Pugh’s contract was not extended due to the financial impact of games played behind closed doors, and he is now clubless after a short stint at Shrewsbury.

Whatever the future, the 33-year-old is already preparing for life after retirement, investing time in his passion for food and fitness.

“I couldn’t boil an egg eight years ago. When we were promoted to the championship I tried to look for ways to improve my performance. I took a nutrition course and learned a lot. He showed me foods that feed you, foods that help recovery, superfoods, that sort of thing.

“I started to cook and loved it. I developed a real passion there. I read endless books and listen to podcasts. I’m crazy about the nutrition and fitness side of things. I consider myself a bit of a health freak now, ”he laughs.

This focus on self-improvement served Pugh well during his rise in the Divisions. Even when playing at the highest level seemed like such a distant prospect, he never wavered in his belief that one day he would. His persistence paid off.

“I had a lot of skeptics. I’ve had a lot of people say I’m not good enough, especially from a young age when I was released by Burnley and Shrewsbury.

“But I always continued to believe. I always imagined that I would play in the Premier League and test myself against the best, and I’m proud that I did.

By Sean Cole

More from Planet Football

Harry Arter: I thought I was as good as foreign PL players, but I was wrong

Fires, threats and friendship: in the worst season in Football League history

Matt Holland leaves West Ham, refuses Villa, takes early retirement

Can you name all the teams that will win promotion to the Premier League?

read more
Book credit

With football and fall sports canceled, Utah and Pac-12 now face damage

On July 31, the Pac-12 released an aggressive, albeit optimistic announcement 10-game conference football schedule only, which was scheduled to begin on September 26.

That moment two weeks ago may have looked like a fresh start in the face of COVID-19, but looking back, the pandemic was already causing there to be no football on the West Coast this fall.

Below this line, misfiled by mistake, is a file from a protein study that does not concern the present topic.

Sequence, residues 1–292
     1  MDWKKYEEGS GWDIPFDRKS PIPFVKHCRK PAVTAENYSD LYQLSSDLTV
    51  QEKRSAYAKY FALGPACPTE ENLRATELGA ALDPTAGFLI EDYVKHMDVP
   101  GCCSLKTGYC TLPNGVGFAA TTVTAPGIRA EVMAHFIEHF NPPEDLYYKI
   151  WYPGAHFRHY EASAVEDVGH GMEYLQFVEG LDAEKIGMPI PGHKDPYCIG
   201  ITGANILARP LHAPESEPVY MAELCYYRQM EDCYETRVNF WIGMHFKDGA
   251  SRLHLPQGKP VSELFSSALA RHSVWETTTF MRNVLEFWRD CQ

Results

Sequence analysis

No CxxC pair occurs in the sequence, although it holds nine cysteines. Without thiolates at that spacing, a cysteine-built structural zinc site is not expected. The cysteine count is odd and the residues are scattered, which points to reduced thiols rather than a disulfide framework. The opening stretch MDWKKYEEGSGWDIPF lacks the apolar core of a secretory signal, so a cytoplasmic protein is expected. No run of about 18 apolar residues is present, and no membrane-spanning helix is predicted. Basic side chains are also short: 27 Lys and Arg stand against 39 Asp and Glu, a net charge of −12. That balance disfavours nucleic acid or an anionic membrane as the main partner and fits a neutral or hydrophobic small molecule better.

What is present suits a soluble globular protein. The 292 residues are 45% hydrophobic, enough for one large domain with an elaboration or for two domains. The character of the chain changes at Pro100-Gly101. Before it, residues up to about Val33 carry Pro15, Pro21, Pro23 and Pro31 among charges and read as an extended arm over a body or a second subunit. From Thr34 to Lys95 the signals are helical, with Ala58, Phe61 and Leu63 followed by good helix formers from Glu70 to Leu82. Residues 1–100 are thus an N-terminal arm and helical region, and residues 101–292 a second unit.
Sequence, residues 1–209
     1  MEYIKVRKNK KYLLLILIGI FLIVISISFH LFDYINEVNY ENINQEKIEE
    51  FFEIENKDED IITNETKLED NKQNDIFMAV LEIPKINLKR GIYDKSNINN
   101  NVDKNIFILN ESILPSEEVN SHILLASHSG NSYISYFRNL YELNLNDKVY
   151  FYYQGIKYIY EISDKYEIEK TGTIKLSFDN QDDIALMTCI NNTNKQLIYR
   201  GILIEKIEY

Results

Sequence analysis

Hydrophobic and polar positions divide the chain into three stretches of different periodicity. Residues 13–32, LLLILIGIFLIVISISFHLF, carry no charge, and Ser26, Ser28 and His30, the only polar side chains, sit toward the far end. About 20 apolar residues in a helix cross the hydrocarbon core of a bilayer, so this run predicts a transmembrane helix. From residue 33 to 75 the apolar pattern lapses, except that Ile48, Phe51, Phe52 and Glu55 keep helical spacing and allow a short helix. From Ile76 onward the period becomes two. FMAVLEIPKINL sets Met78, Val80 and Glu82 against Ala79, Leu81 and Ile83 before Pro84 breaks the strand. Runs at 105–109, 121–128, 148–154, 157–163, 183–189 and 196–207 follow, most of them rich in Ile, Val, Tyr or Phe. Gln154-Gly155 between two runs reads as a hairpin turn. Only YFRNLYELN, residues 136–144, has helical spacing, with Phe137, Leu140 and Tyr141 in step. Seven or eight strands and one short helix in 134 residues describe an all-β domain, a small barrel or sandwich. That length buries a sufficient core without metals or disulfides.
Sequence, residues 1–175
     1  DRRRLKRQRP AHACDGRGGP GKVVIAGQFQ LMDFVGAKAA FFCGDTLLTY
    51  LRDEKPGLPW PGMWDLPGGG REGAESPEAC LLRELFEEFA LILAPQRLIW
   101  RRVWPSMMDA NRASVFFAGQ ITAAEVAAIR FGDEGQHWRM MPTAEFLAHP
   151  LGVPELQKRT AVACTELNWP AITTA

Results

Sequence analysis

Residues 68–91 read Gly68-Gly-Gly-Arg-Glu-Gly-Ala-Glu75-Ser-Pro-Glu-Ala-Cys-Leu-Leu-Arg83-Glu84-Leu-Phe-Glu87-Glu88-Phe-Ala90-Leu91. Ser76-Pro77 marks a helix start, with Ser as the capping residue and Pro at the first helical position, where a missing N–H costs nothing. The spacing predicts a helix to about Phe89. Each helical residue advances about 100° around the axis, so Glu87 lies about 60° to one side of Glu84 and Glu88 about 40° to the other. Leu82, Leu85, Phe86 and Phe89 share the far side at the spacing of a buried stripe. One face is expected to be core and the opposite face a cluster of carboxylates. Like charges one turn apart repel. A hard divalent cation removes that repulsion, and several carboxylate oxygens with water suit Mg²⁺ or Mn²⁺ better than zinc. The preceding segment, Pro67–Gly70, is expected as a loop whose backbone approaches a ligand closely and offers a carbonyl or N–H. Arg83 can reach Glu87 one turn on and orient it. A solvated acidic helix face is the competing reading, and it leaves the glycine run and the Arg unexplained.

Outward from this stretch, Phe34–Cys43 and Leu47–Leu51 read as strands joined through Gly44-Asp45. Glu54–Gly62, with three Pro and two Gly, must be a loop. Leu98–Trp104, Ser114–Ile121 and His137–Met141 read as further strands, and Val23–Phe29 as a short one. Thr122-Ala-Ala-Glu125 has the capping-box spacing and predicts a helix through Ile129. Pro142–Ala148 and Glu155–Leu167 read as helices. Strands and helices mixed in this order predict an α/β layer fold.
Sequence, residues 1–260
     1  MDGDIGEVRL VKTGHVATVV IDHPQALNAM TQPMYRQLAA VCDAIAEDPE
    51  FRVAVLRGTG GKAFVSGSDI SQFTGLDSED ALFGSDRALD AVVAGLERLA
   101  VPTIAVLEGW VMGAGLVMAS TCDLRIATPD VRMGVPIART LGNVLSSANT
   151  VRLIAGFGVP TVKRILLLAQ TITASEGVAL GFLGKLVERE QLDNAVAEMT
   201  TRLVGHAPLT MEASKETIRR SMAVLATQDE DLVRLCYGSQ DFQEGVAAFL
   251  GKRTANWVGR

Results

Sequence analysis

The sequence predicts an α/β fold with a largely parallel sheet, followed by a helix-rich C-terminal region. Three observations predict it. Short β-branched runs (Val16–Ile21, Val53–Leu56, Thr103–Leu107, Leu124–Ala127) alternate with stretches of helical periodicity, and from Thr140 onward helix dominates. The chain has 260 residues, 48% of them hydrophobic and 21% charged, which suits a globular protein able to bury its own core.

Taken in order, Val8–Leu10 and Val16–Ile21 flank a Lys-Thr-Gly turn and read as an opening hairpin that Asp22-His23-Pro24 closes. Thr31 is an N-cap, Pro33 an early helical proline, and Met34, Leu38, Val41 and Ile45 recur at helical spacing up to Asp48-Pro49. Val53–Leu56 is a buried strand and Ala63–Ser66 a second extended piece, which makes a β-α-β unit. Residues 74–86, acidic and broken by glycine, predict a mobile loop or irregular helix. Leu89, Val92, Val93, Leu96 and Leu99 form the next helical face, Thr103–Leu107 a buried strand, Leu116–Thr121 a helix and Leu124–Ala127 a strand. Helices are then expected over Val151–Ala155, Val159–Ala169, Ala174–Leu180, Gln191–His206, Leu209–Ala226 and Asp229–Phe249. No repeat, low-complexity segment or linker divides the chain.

About two weeks ago, a board of Pac-12 medical advisers, which includes University of Utah team doctor Dr. David Petron, began expressing greater concerns about the number of viruses in Pac-12 markets. The spread of the virus has remained widespread and new studies are emerging on how COVID-19 could affect the heart.

Pac-12 medical advisers sent a letter to League Commissioner Larry Scott on Monday, making a recommendation “to stop contacts and competitive activities for now”.

On Tuesday afternoon, just before 2 p.m., before the news broke nationally, Utes athletic director Mark Harlan jumped on a Zoom call led by Kyle Whittingham as football coach of Utah was advising its players that there would be no football this fall.

“Communicating this news, by our coaches, by myself and by others to our student-athletes, is one of the most difficult things I have ever been involved in as athletic director,” said Harlan. later, less than 24 hours after the Pac-12 postponement. “This continued effect of this virus on our student-athletes in regards to their competitive dreams is underway. “

Tuesday’s Pac-12 announcement offered some finality after five months of contingencies, hypotheses and semi-educated guesses. Harlan marked what is sure to be the start of a long and frustrating fall in Salt Lake City. There will be no football at Rice-Eccles Stadium, no women’s football, no women’s volleyball, no cross country.

Fall will give way to winter, and there will be no basketball, at least not right away. The status of Utah’s 10-game non-conference schedule, which includes five games at the Huntsman Center, is officially TBD.

All Pac-12 sports are closed until at least January 1, so it’s safe to assume that playing some semblance of a conference-only basketball season will take priority over trying to make a few games of the game. ‘purchase. As for playing college basketball in a bubble, an idea that circulates at the highest level of university athletics, Scott, Harlan and Colorado AD Rick George are all on the record as not being thrilled with the idea.

The football played in the spring looks like wishful thinking for now, and questions abound about basketball, but what seems clear is that the prospect of no longer playing football places Utah – and its colleagues Pac-12 schools – in what appears to be a dire situation.